|Open Book and Spectacles, William T. Howell Allchin|
mid-19th century, UK
Frederick Buechner, accomplished storyteller and gifted cartographer of that place where sorrow and hope meet, speaks of laughter and tears in his account of his own conversion to Christianity. Living alone in Manhattan, he went on a whim to hear a famous preacher:
“And then with his head bobbing up and down so that his glasses glittered, he said in his odd, sandy voice, the voice of an old nurse, that the coronation of Jesus took place among confession and tears and then, as God was and is my witness, great laughter, he said. Jesus is crowned among confession and tears and great laughter, and at the phrase great laughter, for reasons that I have never satisfactorily understood, the great wall of China crumbled and Atlantis rose up out of the sea, and on Madison Avenue, at 73rd Street, tears leapt from my eyes as though I had been struck across the face.—The Alphabet of GraceI thought of tears and laughter today while attending the funeral of a young man of twenty-five. Tears were flowing, yet laughter wasn’t far away: a person in great pain is now far beyond the darkness with which he struggled.
As the minister read at the close of his sermon:
If I say,“Surely the darkness will hide meBuechner, continuing to explore laughter in the Christian faith, wrote:
and the light become night around me,”
even the darkness will not be dark to you;
the night will shine like the day,
for darkness is as light to you. . .
when I awake, I am still with you (Psalm 139)
"The worst isn't the last thing about the world. It's the next to the last thing. The last thing is the best. It's the power from on high that comes down into the world, that wells up from the rock-bottom worst of the world like a hidden spring. Can you believe it? The last, best thing is the laughing deep in the hearts of the saints, sometimes our hearts even. Yes. You are terribly loved and forgiven. Yes. You are healed. All is well.” (The Final Beast)For years, a friend asked me to pray for chronic sorrows: aches and pains, lingering depression, a sense of pointlessness. One day the time was right to ask: is there something behind all this? Is there some heavy guilt you’re carrying? Did something happen to make you doubt God’s love?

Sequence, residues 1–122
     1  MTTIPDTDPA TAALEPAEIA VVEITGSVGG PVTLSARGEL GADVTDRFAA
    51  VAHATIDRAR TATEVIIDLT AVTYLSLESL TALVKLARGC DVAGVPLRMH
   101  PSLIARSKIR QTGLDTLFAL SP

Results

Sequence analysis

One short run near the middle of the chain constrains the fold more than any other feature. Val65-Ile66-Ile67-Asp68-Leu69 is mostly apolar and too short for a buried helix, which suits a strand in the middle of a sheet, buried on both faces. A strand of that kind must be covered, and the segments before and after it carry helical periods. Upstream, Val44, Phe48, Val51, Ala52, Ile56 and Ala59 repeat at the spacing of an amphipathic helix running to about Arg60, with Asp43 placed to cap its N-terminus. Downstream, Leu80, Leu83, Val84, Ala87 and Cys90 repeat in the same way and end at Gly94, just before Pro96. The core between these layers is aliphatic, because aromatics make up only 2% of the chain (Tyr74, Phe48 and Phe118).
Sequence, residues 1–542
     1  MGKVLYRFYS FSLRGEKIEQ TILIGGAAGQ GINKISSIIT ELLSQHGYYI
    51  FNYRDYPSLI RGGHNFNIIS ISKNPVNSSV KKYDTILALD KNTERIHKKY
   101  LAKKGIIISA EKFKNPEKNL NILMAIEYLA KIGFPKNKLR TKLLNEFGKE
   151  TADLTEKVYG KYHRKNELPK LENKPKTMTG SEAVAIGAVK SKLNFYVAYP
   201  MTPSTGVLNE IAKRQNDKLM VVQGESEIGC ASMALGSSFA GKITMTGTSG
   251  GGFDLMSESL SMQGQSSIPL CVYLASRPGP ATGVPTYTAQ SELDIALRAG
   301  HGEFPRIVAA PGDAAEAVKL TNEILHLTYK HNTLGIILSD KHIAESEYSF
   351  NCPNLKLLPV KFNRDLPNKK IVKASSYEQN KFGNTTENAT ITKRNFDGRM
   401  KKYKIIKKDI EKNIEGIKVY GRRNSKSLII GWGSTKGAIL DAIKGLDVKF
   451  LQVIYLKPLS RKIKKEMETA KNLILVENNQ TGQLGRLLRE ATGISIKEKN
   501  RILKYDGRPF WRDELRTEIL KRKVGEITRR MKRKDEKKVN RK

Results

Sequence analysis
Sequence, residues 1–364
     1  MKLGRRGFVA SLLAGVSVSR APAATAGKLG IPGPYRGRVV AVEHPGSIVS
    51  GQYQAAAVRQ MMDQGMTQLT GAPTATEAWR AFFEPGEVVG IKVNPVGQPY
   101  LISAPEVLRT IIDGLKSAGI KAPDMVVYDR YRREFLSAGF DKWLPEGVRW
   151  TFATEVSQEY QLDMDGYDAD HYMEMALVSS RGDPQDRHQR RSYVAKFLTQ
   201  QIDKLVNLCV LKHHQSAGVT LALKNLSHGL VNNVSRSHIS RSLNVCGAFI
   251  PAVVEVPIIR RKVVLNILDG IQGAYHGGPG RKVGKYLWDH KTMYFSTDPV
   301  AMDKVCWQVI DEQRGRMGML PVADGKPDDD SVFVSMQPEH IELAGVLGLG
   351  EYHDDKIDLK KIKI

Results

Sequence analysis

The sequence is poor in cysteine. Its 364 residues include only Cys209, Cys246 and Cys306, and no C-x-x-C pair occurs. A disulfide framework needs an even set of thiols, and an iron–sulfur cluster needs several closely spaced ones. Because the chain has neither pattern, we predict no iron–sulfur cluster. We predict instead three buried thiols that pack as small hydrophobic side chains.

The tears were immediate, the story emerged more slowly. Yes, something had happened. She was sure forgiveness wasn’t possible, sure God couldn’t love her. Sure, once the story was told, even those closest to her would turn their backs and walk away.
I don’t remember what I said, or prayed, but I do know I reminded her of the forgiveness possible through Christ’s death and resurrection, and of the promise that our story isn’t over, that whatever we’ve done, lost, broken, suffered, Jesus died to free us.
|Freedom Dance, John and Eli Milan, US|
Multiply that story. Treasure the laughter, described in records of revivals, autobiographies, stories of conversion. Jonathan Edwards, in his autobiographical Narrative, wrote:
“It was very wonderful to see how persons’ affections were sometimes moved — when God did, as it were, suddenly open their eyes, and let into their minds a sense of the greatness of His grace, the fullness of Christ, and His readiness to save, after having been broken with apprehension of divine wrath and sunk unto an abyss, under a sense of guilt which they were ready to think was beyond the mercy of God. Their joyful surprise has caused their hearts, as it were, to leap, so they have been ready to break forth in laughter, tears often at the same time issuing like a flood.”A.B. Simpson, founder of the Christian Missionary Society, wrote that of a “fullness of Joy" that "does not depend on circumstances, but fills the spirit with holy laughter in the midst of the most trying surroundings" (Days of Heaven on Earth). Oswald Chambers, author of My Utmost for His Highest, wrote in his diary on April 19, 1907, “Last night we had a blessed time. I was called down by the teachers to pray and anoint a lady who wanted healing, and as we were doing it God came so near that upon my word we were laughing as well as praying! How utterly stilted we are in our approach to God. Oh that we lived more up to the light of all our glorious privileges.”
In his much quoted poem, "Manifesto: The Mad Farmer Liberation Front," Wendell Berry counsels:
Listen to carrion — put your ear close,The poem ends with these words:
and hear the faint chattering
of the songs that are to come.
Expect the end of the world. Laugh.
Laughter is immeasurable.
Be joyful though you have considered all the facts.
Practice resurrection.Part of practicing resurrection is learning to see, and hear, from another angle. Learning to listen past the realities of death to the stirrings of the songs that are to come. Learning to look past the end of the world as we know it to a world redeemed and healed.
Daring to trust God’s goodness, even when we don’t see it.
Daring to believe we are loved with a love so expansive and forgiving we dissolve in delight when we slow down enough to savor it.
We don’t know the punch line to this story we are living, but we’ve had hints: if the resurrection is a preview, it's going to be a good one. So, even now, while we wait to hear the great laughter of the heavens, we practice resurrection.
Laugh out loud.
This is the fifth in a series about the resurrection:
Resurrection Challenge: Feed My Sheep
Resurrection Women - Happy Mother's Day!
It's also part of the May Synchroblog – Lighten Up: The Art of Laughter, Joy & Letting Go. Visit some of these other blogs for some other perspectives on laughter in the life of faith.
As always, your thoughts and comments are welcome. Click on the __ comments link below to post.